Jul-24-2001 Paint firms say they want cities' lawsuit tossed
U.S. chemical companies, trying to gain strategic advantage in a lead-poisoning lawsuit by California municipalities, have made another attempt to punch a hole in the case by attacking one of its chief claims -- the contention that paints sold through the mid-1950s were a "public nuisance."
Responding in Santa Clara County Superior Court to the public entities' third amended complaint, the companies argued that a critical public-nuisance charge dismissed by Judge Gregory Ward on June 1, but with permission to amend, should remain dead and buried.
The claim, revised and filed again three weeks later, is important because, if successful, it would enable authorities to solve what they say is a huge public-health problem by forcing the companies to pay for costly cleanup programs. According to the law, "public nuisance" refers to a range of actions, from petty to serious, that interfere with a common right and result in harm to public health, safety, peace, comfort or convenience.
The companies said Friday, however, that there is no legal basis for the claim, which they argued was essentially identical to the one Ward had provisionally tossed.
They argued further that the claim more properly belonged in the narrower realm of product-liability law, which allows payments for proven past injuries, but not for the prevention of future harms.
The companies said the public entities were asking Ward to "fundamentally rewrite California . . . law," citing a precedent favorable to them set in a 1994 suit by the city of San Diego against the U.S. Gypsum Co.
They also said: "Plaintiffs' attempt . . . would subject manufacturers, distributors and retailers of hundreds of everyday goods to vastly increased liability under the amorphous concept of 'nuisance.' "
Industry spokesman Drew Ketterer, former attorney general of Maine, said yesterday: "The facts and the law are on our side. The San Diego case makes it crystal clear that nuisance claims are barred against manufacturers."
The plaintiffs, which include San Francisco, San Jose and Oakland, initially brought suit in March 2000. They're accusing the industry of conspiring to promote and sell a toxic product -- lead paint -- that found its way into millions of American homes and buildings, on walls, furniture and even children's toys.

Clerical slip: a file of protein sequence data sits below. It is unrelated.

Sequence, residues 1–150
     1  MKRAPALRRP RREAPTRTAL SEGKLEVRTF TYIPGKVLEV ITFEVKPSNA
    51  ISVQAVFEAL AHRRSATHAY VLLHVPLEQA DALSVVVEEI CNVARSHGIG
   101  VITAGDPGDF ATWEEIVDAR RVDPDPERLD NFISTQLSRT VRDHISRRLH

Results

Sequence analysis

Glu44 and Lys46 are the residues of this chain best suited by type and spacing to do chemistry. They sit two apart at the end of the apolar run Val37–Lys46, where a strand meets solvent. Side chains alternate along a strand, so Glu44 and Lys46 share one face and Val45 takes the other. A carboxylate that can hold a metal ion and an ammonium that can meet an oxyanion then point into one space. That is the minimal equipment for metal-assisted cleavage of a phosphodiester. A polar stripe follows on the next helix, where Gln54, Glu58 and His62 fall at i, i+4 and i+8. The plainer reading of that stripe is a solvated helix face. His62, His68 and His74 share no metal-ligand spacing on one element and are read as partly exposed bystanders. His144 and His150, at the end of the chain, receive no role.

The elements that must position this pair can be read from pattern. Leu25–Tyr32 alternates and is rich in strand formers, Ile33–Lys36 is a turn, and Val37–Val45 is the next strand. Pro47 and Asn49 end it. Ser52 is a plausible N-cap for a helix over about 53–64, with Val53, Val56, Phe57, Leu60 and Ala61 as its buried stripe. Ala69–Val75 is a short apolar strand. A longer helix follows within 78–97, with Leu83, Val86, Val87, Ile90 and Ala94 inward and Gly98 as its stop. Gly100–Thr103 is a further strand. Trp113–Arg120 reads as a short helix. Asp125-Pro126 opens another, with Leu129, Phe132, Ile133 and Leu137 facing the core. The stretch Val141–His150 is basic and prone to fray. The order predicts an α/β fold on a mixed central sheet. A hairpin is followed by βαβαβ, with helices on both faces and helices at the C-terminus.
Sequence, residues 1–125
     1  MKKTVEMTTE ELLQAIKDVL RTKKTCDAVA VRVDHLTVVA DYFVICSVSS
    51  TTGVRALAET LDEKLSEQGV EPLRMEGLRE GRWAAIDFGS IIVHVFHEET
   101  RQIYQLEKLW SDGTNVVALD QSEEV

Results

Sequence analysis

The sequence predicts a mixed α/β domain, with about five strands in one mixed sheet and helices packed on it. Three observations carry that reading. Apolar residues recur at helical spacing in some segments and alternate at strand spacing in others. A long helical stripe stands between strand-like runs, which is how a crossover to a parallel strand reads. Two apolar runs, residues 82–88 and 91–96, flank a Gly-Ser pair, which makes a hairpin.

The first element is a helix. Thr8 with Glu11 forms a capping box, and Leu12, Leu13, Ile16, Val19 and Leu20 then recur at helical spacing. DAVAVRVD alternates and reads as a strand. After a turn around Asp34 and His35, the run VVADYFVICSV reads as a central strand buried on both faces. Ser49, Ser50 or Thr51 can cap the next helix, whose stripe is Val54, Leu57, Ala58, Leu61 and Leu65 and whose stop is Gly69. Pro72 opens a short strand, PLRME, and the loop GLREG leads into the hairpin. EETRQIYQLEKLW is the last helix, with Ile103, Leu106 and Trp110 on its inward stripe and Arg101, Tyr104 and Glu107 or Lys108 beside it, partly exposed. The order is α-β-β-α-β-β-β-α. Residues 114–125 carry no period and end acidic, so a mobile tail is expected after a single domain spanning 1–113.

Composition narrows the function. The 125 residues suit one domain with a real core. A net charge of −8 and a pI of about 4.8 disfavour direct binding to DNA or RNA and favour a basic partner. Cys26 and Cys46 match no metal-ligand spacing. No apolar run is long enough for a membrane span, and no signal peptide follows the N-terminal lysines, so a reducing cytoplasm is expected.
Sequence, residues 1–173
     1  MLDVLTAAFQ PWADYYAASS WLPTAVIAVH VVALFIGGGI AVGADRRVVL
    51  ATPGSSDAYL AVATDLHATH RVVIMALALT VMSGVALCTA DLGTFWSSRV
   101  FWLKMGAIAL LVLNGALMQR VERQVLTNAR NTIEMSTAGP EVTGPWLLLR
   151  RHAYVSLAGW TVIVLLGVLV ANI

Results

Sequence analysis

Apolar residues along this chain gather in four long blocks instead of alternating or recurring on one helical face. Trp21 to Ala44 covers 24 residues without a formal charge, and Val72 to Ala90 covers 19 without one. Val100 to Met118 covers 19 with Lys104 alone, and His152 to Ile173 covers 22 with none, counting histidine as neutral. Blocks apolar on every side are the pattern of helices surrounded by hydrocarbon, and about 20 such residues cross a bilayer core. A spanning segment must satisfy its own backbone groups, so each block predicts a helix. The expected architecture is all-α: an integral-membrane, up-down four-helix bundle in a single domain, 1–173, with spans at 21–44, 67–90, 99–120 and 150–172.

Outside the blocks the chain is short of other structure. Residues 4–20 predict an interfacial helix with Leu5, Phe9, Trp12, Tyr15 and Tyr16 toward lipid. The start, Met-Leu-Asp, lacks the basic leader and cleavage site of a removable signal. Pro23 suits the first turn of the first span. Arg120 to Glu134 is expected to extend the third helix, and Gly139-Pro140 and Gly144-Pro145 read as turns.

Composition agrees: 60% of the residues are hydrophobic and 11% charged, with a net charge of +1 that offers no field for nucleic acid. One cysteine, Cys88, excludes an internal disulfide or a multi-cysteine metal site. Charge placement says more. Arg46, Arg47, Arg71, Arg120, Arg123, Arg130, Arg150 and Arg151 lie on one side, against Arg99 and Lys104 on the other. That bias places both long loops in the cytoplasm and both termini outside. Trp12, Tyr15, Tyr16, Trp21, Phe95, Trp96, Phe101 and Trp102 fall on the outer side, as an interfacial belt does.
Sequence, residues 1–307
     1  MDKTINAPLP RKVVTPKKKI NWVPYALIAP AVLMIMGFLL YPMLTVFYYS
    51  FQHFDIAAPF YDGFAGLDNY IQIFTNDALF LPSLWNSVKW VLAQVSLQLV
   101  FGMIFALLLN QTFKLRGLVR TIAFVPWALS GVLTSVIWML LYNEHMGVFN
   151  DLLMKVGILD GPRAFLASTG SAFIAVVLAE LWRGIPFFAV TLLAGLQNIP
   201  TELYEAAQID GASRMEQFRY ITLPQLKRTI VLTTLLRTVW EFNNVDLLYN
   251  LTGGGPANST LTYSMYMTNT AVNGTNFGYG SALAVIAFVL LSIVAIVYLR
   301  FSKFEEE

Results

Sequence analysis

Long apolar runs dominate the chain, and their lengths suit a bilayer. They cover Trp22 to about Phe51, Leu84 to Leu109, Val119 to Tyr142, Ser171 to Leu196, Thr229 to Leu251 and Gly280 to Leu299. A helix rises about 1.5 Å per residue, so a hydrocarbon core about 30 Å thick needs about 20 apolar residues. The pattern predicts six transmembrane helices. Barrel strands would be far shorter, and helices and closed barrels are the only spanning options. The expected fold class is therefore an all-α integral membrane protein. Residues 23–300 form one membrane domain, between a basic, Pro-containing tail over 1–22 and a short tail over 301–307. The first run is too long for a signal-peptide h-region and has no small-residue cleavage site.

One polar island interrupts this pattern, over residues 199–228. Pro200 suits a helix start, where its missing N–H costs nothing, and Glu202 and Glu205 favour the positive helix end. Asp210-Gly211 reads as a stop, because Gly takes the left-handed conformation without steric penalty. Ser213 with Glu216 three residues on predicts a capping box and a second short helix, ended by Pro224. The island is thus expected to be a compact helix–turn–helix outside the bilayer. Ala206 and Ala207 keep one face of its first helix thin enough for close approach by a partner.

When ingested or inhaled, lead can cause neurological damage requiring extensive medical treatment and remedial education. Since most of the victims are young residents of older, ill-maintained low-income housing in urban areas, costs have been borne by the public. San Francisco has cared for at least 600 victims during the past decade.
Ingrid Evans, a deputy San Francisco city attorney, rejected the companies' argument that the public-nuisance claim be permanently dropped.
"The public entities have completely revamped the public-nuisance cause of action," she said. "We believe these amendments have adequately addressed the judge's concerns."
Added Kathryn Zoglin, a deputy Santa Clara County counsel: "We're not alleging that because lead paint is defective, it's a public nuisance. We're alleging that the companies' conduct in aggressively promoting and distributing the paint -- and failing to warn the public -- is the nuisance."
Defendants include Arco, Sherwin-Williams and du Pont.
Regardless of the judge's eventual ruling, the case will go forward on other charges, which include fraud, negligence and violations of the state Business and Professions Code. The next hearing is scheduled for Sept. 11.
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